Author(s): De Graaff AA, DHooghe TM, Dunselman GA, Dirksen CD, Hummelshoj L
To what extent do the management of endometriosis and the symptoms that remain after treatment affect the quality of life in women with the disease?
Many women with endometriosis had impaired quality of life and continued to suffer from endometriosis-associated symptoms even though their endometriosis has been managed in tertiary care centres.
The existing literature indicates that quality of life and work productivity is reduced in women with endometriosis. However, most studies have small sample sizes, are treatment related or examine newly diagnosed patients only.
A cross-sectional questionnaire-based survey among 931 women with endometriosis treated in 12 tertiary care centres in 10 countries.
Women diagnosed with endometriosis who had at least one contact related to endometriosis-associated symptoms during 2008 with a participating centre were enrolled into the study. The study investigated the effect of endometriosis on education, work and social wellbeing, endometriosis-associated symptoms and health-related quality of life, by using questions obtained from the World Endometriosis Research Foundation (WERF) GSWH instrument (designed and validated for the WERF Global Study on Women's Health) and the Short Form 36 version 2 (SF-36v2).
Of 3216 women invited to participate in the study, 1450 (45%) provided informed consent and out of these, 931 (931/3216 = 29%) returned the questionnaires. Endometriosis had affected work in 51% of the women and affected relationships in 50% of the women at some time during their life. Dysmenorrhoea was reported by 59%, dyspareunia by 56% and chronic pelvic pain by 60% of women. Quality of life was decreased in all eight dimensions of the SF-36v2 compared with norm-based scores from a general US population (all P < 0.01). Multivariate regression analysis showed that number of co-morbidities, chronic pain and dyspareunia had an independent negative effect on both the physical and mental component of the SF-36v2.
The fact that women were enrolled in tertiary care centres could lead to a possible over-representation of women with moderate-to-severe endometriosis, because the participating centres typically treat more complex and referred cases of endometriosis. The response rate was relatively low. Since there was no Institute Review Board approval to do a non-responder investigation on basic characteristics, some uncertainty remains regarding the representativeness of the investigated population.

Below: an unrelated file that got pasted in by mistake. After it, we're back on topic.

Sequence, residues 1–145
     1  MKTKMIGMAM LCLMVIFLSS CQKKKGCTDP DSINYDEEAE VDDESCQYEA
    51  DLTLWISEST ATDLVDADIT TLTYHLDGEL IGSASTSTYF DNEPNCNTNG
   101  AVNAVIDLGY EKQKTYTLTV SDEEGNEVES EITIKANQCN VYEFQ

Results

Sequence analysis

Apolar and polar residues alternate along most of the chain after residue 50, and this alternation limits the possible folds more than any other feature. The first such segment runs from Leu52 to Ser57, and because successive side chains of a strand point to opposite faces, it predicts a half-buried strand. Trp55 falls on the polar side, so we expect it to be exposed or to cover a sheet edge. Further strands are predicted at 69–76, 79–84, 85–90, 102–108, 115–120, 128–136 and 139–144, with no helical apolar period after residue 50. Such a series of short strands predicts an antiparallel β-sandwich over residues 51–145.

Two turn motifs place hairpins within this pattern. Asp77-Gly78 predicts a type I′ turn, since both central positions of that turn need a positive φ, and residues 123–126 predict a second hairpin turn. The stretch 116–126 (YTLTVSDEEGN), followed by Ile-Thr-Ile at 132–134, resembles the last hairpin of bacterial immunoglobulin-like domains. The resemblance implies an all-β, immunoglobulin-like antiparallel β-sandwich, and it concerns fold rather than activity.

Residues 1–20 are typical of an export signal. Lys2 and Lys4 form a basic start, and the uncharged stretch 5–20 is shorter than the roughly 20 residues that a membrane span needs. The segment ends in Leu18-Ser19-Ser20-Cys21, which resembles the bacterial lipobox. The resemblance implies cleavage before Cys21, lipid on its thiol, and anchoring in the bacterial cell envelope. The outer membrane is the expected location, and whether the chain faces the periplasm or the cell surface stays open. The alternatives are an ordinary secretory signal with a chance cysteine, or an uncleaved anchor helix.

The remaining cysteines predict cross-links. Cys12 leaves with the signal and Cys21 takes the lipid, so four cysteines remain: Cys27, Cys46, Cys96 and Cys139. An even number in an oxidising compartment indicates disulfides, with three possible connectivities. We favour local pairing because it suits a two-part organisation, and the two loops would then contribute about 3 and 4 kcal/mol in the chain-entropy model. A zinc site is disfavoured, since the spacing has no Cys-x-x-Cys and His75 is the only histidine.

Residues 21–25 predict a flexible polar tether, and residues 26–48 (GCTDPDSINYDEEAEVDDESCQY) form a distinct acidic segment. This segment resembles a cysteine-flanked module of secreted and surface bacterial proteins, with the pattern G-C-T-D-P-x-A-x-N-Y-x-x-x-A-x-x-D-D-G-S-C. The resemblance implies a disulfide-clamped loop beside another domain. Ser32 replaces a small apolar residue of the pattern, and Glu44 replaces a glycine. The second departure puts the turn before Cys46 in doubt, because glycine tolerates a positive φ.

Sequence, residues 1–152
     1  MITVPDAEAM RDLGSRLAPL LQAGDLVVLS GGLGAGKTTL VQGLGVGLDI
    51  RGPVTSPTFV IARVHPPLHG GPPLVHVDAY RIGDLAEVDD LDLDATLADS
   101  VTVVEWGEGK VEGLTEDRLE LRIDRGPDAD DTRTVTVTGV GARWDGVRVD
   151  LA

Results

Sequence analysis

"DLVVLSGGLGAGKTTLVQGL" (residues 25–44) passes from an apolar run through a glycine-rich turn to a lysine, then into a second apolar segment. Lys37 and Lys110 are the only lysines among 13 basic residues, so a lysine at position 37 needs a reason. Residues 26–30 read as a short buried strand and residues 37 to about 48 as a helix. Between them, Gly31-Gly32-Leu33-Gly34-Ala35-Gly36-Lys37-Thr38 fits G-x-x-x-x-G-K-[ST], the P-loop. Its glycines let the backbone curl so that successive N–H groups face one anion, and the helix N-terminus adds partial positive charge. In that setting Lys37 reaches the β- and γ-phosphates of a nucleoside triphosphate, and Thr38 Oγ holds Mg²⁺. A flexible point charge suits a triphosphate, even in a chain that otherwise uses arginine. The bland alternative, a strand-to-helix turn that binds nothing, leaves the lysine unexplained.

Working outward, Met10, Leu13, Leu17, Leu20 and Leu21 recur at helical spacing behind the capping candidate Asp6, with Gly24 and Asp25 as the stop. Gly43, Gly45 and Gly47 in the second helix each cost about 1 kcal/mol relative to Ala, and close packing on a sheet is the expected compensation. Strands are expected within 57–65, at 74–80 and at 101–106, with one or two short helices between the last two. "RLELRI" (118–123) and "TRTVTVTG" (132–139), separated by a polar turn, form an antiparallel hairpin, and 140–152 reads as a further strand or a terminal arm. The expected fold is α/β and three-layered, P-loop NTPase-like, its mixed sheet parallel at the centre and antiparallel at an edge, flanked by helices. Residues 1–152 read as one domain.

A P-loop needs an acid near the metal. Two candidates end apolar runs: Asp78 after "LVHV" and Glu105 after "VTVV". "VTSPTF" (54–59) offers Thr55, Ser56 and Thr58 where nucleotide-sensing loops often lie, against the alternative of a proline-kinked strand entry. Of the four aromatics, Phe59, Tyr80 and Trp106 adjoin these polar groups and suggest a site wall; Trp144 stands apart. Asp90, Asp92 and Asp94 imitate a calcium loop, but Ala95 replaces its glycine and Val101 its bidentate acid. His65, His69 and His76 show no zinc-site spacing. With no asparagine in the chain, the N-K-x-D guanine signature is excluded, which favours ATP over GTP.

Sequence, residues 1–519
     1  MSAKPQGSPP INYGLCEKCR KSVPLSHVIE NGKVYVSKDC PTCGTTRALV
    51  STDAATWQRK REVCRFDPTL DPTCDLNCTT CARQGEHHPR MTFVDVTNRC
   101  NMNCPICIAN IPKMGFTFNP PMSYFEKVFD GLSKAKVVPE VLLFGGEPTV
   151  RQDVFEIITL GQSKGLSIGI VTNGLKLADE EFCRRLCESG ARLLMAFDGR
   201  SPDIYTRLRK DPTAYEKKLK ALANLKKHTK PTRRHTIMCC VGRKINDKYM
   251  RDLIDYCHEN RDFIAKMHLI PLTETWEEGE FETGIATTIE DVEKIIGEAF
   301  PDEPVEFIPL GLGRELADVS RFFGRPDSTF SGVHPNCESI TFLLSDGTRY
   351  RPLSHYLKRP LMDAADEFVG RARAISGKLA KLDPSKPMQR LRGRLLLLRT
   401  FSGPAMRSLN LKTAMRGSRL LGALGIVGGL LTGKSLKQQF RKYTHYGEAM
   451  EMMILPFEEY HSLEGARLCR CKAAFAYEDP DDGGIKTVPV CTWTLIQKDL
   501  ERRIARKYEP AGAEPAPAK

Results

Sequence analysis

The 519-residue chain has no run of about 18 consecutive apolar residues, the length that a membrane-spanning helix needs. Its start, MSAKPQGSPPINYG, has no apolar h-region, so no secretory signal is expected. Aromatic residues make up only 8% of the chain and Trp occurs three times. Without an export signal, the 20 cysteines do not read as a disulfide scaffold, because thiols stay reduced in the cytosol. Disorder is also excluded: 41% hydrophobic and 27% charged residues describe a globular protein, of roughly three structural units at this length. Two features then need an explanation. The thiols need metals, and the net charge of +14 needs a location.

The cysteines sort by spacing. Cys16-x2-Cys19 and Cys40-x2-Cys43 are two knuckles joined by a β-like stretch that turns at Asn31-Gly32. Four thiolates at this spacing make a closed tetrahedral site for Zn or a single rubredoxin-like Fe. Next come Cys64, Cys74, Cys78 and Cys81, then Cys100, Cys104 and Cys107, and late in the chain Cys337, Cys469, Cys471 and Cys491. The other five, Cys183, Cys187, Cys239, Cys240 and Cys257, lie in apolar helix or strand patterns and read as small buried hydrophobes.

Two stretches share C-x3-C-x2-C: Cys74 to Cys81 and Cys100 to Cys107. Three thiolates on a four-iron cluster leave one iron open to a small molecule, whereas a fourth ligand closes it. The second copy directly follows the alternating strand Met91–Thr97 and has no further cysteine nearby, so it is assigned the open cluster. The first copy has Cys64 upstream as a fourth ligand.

This international multicentre survey represents a large group of women with endometriosis, in all phases of the disease, which increases the generalizability of the data. Women still suffer from frequent symptoms, despite tertiary care management, in particular chronic pain and dyspareunia. As a result their quality of life is significantly decreased. A patient-centred approach with extensive collaboration across disciplines, such as pain specialists, psychologists, sexologists and social workers, may be a valuable strategy to improve the long-term care of women with endometriosis.
The WERF EndoCost study is funded by the World Endometriosis Research Foundation (WERF) through grants received from Bayer Schering Pharma AG, Takeda Italia Farmaceutici SpA, Pfizer Ltd and the European Society of Human Reproduction and Embryology. The sponsors did not have a role in the design and conduct of the study; collection, management, analysis and interpretation of the data; and preparation, review or approval of the manuscript. L.H. is the chief executive and T.D. was a board member of WERF at the time of funding. T.D. holds the Merck-Serono Chair in Reproductive Medicine and Surgery, and the Ferring Chair in Reproductive Medicine at the Katholieke Universiteit Leuven in Belgium and has served as consultant/research collaborator for Merck-Serono, Schering-Plough, Astellas and Arresto.